The movie also accomplishes this very well, even though, it does not follow the book.
The story centers around the teenager Jonas — a messiah figure — who as a Receiver must take in all the memories of past societies so normalcy can be maintained in the current world. Long before Jonas was born, city elders had created a society where sameness, truthfulness and conformity ensured humanity would never fall to the ills of war, pain or any other negativity caused by an emotional reaction to life.
The story is dark and thought-provoking as one learns that society’s woes, like murder, have simply been replaced by government-sanctioned killings. Less desirable members of society, whether they are the elderly or non-thriving infants, are sent to Elsewhere. One of the most disturbing moments in the story is when Jonas realizes that his father, a caretaker in a children’s nursery, culls young infants from society by euthanizing them.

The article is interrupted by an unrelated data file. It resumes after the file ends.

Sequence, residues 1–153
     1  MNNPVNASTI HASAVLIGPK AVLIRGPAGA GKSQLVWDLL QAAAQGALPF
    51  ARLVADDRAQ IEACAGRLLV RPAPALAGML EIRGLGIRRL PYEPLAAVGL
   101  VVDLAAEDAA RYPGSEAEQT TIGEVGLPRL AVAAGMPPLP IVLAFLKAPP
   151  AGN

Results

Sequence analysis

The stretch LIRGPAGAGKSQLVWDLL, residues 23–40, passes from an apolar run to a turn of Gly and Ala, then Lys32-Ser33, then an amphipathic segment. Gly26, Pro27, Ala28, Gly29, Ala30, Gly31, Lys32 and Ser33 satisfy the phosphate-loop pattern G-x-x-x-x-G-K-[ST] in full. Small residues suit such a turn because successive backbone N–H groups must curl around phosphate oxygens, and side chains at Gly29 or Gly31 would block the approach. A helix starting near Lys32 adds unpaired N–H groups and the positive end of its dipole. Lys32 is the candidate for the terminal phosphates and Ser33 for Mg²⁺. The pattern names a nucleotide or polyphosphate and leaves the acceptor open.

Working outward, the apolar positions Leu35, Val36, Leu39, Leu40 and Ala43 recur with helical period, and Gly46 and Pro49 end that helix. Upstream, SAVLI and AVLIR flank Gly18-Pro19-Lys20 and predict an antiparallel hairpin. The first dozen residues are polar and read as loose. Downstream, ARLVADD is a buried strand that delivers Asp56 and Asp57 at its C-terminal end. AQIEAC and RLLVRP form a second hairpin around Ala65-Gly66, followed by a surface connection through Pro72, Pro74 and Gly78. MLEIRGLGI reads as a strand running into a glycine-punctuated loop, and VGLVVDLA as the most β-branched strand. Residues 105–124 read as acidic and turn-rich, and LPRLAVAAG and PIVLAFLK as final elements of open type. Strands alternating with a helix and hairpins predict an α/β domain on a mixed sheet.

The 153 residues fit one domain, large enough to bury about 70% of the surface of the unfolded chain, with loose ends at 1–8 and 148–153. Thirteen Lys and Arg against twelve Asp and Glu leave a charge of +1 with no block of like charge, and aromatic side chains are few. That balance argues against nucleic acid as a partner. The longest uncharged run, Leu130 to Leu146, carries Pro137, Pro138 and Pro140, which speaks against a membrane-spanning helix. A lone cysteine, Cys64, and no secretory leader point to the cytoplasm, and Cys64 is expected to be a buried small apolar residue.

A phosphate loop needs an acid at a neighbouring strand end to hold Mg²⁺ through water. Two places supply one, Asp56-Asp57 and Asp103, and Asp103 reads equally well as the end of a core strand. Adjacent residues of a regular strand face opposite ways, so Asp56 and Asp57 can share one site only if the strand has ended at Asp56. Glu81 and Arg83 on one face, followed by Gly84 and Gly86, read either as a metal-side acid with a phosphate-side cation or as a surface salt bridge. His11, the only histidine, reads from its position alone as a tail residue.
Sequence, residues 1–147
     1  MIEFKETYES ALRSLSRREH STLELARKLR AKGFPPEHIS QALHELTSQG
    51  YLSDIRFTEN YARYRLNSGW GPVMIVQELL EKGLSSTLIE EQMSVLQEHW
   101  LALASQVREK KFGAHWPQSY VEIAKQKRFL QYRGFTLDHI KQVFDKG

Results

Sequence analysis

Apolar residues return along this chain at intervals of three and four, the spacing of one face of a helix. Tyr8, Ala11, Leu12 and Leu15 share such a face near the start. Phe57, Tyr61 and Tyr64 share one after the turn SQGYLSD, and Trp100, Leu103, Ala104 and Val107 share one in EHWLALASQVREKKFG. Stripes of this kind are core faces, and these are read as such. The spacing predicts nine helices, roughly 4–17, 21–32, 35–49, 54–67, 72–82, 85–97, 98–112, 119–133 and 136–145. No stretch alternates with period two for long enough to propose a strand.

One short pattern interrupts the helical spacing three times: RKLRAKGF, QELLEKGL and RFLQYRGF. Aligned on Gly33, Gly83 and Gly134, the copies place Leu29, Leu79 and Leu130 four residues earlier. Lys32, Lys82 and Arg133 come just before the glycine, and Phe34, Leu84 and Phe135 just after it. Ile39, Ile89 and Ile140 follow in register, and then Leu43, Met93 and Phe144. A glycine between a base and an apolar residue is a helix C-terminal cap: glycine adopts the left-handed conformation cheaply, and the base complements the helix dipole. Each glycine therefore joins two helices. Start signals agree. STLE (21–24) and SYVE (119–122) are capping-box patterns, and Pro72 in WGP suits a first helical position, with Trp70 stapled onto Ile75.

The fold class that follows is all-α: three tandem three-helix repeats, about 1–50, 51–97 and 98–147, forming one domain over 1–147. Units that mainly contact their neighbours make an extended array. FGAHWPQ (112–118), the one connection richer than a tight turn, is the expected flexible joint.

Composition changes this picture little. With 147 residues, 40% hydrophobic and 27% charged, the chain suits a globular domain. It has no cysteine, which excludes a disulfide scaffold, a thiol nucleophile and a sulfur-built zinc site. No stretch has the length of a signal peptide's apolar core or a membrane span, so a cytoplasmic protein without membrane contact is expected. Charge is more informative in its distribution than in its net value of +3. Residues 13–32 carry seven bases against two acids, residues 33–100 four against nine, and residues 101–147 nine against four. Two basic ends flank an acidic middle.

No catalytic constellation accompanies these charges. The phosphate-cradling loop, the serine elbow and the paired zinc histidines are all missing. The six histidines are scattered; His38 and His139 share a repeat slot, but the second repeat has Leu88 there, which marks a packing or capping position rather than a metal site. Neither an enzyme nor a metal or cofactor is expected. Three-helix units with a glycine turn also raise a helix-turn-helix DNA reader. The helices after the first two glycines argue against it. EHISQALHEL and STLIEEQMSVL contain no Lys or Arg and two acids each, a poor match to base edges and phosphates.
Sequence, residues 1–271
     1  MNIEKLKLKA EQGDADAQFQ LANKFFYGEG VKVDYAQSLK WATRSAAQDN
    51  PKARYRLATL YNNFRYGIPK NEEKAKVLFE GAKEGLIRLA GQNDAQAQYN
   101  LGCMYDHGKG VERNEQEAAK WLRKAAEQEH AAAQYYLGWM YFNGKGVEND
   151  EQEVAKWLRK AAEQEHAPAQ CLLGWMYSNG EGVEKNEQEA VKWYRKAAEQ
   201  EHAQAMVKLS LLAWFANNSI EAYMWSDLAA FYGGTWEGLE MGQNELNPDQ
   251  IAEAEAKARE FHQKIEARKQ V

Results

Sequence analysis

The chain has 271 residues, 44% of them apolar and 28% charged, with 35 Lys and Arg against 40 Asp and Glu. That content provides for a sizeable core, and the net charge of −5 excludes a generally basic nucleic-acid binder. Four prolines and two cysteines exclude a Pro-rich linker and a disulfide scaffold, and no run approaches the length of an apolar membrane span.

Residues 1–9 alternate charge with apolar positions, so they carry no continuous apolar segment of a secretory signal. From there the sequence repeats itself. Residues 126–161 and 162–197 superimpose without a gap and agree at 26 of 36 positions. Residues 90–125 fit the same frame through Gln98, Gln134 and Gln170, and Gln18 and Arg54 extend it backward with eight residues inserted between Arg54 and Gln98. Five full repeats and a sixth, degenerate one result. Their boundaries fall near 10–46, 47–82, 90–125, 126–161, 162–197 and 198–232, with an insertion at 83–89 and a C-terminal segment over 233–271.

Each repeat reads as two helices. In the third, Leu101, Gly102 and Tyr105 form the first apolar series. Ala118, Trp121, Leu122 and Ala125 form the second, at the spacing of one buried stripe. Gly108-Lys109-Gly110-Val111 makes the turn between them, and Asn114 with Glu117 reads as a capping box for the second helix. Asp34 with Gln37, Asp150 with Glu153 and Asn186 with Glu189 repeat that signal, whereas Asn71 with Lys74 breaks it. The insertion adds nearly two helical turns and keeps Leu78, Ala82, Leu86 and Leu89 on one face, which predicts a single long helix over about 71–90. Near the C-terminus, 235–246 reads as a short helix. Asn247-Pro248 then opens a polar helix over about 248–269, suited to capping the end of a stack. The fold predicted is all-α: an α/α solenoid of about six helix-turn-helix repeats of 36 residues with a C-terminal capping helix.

Despite a strong performance by the Giver (Jeff Bridges), the chief elder (Meryl Streep), Jonas (Brenton Thwaites) and Fiona (Odeya Rush) the movie failed to draw a large crowd on its opening weekend. This could be an indication of viewer fatigue with young adult dsytopian society movies — like Divergent and Hunger Games — or the fact that The Giver is more cerebral, making it somewhat more difficult to transition to the large screen.
But, having watched all three of the movies, The Giver holds its own very well. No, it is not the book, but someone who has never read the book can watch the movie and will be pulled in to the jarring nonsensical approach to living that a society based on sameness and ‘reason’ creates.
And everyone will be hoping Jonas can handle the weight of his calling and that he can save the life of the infant boy, Gabriel.